A transcendent education clarion call: clicks unbroken for hours

The response to ‘Mathematics: here is the answer’ had the feel of something wondrous: it was remarkable to observe the clicks unbroken for hours.

Mathematics: here is the answer

On June 10, 2015, readers of a networkonnet posting communicated a message that had the feel of a transcendent education clarion call.

Yes – I was pleased with the posting sent out; I thought it would be warmly received, but considered, from the readers’ point-of-view, that it carried the burden of being too practical, too eminently workable. At courses, teachers will flock to hear, say, the wonderful Ken Robinson, who in presentations is entertaining, inspirational, and idealistically spot-on. But a somewhat hidden key to his popularity is the non-confrontational and indirect way he works his way around what teachers might do on their return to school. I absolutely understand why teachers enjoy the uplifting and enjoyable Ken Robinson message and accept my downmarket role of being someone who focuses on ‘this is something you can do’ or perhaps more accurately ‘these are things you should not do to allow you to do the things you should do’. A message, I accept, that will only be welcome of me and others when teachers feel sufficiently free to shape programmes according to their judgement and intuitions, not review office directives.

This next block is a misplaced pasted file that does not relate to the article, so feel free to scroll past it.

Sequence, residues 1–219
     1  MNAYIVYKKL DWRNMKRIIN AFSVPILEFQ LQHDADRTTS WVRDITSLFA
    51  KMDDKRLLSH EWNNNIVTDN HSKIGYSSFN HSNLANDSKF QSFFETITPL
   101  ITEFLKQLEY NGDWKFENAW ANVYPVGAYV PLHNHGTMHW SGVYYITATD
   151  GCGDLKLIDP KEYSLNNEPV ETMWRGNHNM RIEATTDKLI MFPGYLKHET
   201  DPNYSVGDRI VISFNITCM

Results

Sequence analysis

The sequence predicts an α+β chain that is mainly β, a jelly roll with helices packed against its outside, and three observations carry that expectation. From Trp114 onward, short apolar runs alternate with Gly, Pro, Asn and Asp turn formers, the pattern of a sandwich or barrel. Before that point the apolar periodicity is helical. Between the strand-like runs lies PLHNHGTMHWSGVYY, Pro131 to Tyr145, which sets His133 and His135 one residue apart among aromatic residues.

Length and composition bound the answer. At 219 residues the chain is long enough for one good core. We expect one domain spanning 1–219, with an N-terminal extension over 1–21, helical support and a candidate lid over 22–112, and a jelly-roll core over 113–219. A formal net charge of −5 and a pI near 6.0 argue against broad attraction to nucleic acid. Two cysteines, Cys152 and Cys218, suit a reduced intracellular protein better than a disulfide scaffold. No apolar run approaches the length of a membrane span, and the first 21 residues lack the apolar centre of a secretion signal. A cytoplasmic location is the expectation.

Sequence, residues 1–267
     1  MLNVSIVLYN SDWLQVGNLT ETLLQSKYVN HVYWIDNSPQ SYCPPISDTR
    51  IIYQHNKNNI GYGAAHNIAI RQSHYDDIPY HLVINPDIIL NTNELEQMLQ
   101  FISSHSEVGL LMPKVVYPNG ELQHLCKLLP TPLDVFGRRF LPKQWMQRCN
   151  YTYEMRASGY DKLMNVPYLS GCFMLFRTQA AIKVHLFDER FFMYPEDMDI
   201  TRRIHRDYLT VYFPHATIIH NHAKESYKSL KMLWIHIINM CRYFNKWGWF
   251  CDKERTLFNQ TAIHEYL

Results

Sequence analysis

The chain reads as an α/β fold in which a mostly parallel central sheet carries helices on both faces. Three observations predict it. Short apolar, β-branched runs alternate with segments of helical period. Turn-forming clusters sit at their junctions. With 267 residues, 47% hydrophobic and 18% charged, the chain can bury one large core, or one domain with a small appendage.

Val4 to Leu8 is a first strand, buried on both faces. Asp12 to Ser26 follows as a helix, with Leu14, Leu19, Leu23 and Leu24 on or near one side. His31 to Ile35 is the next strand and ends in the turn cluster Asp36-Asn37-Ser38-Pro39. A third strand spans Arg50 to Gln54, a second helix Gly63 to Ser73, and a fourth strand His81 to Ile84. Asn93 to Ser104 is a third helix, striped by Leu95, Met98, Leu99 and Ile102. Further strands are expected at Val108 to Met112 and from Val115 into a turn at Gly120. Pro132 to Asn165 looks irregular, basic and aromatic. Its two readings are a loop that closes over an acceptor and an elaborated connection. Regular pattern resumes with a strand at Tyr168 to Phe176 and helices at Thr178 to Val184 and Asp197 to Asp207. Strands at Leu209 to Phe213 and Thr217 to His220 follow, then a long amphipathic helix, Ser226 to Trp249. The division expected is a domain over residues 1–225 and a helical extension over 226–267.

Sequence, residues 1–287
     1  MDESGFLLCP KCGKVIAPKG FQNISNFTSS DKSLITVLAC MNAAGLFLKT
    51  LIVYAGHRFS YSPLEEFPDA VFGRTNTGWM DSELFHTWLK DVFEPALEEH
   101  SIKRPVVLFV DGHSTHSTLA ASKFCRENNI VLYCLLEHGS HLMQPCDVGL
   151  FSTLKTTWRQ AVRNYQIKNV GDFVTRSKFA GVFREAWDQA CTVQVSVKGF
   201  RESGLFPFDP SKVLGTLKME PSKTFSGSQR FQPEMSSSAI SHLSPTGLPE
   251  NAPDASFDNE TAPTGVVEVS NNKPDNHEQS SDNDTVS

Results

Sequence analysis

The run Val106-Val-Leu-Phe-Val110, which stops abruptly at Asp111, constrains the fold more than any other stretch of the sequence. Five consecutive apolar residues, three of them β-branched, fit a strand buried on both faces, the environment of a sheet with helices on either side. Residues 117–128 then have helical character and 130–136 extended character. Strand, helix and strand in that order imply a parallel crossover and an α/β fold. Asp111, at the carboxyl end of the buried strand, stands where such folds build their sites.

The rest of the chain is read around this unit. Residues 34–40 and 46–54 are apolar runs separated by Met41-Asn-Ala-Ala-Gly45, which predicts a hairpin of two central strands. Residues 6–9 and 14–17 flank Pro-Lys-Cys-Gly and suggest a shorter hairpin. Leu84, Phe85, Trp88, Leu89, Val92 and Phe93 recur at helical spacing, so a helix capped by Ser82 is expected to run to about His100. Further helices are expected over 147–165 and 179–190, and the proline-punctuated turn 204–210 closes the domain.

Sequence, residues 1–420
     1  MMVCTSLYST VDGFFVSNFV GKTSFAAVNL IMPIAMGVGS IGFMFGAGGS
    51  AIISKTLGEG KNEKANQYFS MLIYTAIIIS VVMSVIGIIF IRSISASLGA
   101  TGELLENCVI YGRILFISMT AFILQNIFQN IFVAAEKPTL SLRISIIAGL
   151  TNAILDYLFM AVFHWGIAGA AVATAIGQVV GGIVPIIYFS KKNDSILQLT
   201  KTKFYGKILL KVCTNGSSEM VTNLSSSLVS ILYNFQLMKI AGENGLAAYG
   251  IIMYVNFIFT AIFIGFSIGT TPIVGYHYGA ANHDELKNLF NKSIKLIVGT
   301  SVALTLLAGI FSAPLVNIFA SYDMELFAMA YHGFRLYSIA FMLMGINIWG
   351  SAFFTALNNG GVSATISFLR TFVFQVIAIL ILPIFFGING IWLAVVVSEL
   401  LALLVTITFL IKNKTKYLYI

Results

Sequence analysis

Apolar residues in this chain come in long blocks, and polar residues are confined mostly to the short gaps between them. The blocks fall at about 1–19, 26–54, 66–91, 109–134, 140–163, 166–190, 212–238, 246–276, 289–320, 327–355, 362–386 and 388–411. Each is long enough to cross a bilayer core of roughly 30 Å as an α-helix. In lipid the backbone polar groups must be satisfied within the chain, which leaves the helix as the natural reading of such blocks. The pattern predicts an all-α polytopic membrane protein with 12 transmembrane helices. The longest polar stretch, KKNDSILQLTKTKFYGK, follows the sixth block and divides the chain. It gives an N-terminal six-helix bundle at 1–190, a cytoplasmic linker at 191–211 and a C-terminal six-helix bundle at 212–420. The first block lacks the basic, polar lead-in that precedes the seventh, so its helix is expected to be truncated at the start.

As a result, the response to ‘Mathematics: here is the answer’ had the feel of something wondrous.

It was remarkable to observe the clicks unbroken for hours. The usual response is from 500 to 1000, on this occasion it was over 3000.

It was written with no such expectation. A message was being communicated in return, but what?

The centre-piece of the posting was a school’s mathematics programme based on holistic principles and around which I contributed an holistic context.

Perhaps what preceded the posting had something to do with the huge response?

The day before we had the grubby manoeuvrings by Hekia Parata linked to the launching of the New Zealand Initiative publication on mathematics and the toxic atmosphere that was engendered.

Before, in parliamentary question time, Parata, with a smirk on her face, said as far as the basics were concerned, everything in the garden was rosy. Chris Hipkins, she hee-hawed, was envious and just didn’t like success.